Cochleoceps orientalis Hutchins, 1991, Big Island, off Wollongong, New South Wales, Australia.
OTHER COMMON NAMES
Small, tadpole-shaped body with rounded caudal fins and a moderately sized sucker disc. There are 5–6 dorsal fin soft rays and 4–6 anal fin soft rays. Color pattern is tiny brown to red spots on an orange to yellow or greenish-yellow background; irridescent blue dashes, lines, or spots occur on the dorsum. Grows to 2.2 in (5.5 cm) in length.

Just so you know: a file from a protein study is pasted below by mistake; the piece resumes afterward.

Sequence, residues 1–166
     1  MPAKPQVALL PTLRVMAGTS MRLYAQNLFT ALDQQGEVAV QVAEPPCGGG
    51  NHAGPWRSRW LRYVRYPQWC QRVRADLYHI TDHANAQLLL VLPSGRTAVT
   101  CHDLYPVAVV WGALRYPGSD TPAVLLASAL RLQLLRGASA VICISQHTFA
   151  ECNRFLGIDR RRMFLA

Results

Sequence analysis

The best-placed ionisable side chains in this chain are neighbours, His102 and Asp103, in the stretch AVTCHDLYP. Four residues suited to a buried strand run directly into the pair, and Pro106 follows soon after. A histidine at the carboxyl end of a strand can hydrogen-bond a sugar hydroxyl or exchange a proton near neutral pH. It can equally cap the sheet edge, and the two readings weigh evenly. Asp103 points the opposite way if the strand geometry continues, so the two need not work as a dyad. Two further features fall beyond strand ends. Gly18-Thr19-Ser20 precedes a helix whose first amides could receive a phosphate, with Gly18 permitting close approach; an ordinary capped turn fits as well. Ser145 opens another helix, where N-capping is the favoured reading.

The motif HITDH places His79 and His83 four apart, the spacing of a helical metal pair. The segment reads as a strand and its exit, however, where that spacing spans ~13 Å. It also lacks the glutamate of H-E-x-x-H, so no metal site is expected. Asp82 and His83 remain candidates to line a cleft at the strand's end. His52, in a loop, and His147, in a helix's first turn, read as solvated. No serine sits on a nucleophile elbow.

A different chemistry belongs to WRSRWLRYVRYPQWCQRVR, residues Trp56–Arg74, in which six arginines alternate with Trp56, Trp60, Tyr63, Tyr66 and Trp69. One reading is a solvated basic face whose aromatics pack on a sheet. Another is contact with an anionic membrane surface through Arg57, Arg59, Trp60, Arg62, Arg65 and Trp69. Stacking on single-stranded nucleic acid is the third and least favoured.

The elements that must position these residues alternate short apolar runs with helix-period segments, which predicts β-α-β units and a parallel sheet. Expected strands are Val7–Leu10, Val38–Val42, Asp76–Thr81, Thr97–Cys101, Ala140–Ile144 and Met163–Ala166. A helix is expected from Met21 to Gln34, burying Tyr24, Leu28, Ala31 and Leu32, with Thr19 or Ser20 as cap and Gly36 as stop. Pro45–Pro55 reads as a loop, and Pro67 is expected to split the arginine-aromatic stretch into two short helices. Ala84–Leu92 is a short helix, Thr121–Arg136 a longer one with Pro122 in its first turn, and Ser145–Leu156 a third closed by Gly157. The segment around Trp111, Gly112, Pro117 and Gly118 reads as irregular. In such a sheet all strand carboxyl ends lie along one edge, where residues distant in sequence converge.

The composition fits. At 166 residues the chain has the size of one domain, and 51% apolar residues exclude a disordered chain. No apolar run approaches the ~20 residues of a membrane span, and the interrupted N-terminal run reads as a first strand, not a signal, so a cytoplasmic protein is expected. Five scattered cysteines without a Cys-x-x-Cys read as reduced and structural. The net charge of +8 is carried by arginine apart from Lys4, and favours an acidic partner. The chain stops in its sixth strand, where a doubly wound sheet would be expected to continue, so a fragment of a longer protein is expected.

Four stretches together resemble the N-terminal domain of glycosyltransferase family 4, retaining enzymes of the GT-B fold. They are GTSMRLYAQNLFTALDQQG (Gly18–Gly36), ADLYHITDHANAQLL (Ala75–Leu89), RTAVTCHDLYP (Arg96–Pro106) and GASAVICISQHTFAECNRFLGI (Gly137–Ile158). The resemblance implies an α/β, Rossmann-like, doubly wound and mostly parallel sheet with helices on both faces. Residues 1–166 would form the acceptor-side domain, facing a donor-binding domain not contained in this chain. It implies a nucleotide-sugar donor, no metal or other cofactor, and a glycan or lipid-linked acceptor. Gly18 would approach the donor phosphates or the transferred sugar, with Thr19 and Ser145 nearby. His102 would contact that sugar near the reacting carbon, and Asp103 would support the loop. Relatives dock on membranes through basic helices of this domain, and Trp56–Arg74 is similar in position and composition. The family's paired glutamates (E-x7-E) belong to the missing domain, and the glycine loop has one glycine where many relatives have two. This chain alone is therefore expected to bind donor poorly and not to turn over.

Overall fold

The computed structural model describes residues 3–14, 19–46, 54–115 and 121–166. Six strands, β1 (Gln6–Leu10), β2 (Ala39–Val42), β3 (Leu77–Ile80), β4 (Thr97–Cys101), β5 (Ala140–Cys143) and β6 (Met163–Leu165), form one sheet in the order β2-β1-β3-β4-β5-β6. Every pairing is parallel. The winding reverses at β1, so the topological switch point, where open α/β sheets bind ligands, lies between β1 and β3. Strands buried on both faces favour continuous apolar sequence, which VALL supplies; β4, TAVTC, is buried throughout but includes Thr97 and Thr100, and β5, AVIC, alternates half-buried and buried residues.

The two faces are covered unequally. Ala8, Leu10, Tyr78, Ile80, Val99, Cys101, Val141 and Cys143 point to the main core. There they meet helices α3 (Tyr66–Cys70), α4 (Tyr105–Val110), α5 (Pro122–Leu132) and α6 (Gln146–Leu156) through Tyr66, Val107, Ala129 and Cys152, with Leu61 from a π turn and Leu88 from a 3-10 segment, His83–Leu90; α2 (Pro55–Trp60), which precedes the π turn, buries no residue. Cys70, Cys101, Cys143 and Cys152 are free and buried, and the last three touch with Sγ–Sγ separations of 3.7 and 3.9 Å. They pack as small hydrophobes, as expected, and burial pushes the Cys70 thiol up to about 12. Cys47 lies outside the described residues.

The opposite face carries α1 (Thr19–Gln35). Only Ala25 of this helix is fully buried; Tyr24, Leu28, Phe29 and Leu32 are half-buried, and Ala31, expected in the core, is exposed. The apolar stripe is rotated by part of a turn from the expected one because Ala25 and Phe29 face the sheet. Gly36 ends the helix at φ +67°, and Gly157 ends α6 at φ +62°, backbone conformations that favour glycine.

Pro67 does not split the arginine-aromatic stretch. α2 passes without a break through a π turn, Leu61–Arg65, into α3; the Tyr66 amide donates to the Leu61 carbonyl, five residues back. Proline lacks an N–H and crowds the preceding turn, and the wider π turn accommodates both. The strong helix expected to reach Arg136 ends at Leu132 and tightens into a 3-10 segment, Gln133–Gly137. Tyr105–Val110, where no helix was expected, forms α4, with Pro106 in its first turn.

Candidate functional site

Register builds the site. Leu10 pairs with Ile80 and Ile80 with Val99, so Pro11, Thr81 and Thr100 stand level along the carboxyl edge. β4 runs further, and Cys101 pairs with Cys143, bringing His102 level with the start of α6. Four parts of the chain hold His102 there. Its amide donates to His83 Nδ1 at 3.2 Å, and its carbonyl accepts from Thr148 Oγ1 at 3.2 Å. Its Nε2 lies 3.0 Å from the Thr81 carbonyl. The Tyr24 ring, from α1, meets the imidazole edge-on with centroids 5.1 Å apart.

Southwest Pacific from central New South Wales south to eastern Victoria, Australia.
Occurs on sponges or ascidians on deeper temperate rocky reefs and on kelp or seaweed in shallower subtidal habitats. Found as deep as 33 ft (10 m).
In addition to its cleaning
, this species probably is territorial.
FEEDING ECOLOGY AND DIET
A cleanerfish, it feeds upon ectoparasites plucked from various species of fishes.
Poorly known, but females deposit eggs on algae within a male’s territory, and both parents provide care.
Not listed by the IUCN.
SIGNIFICANCE TO HUMANS
May be collected infrequently for aquaria.
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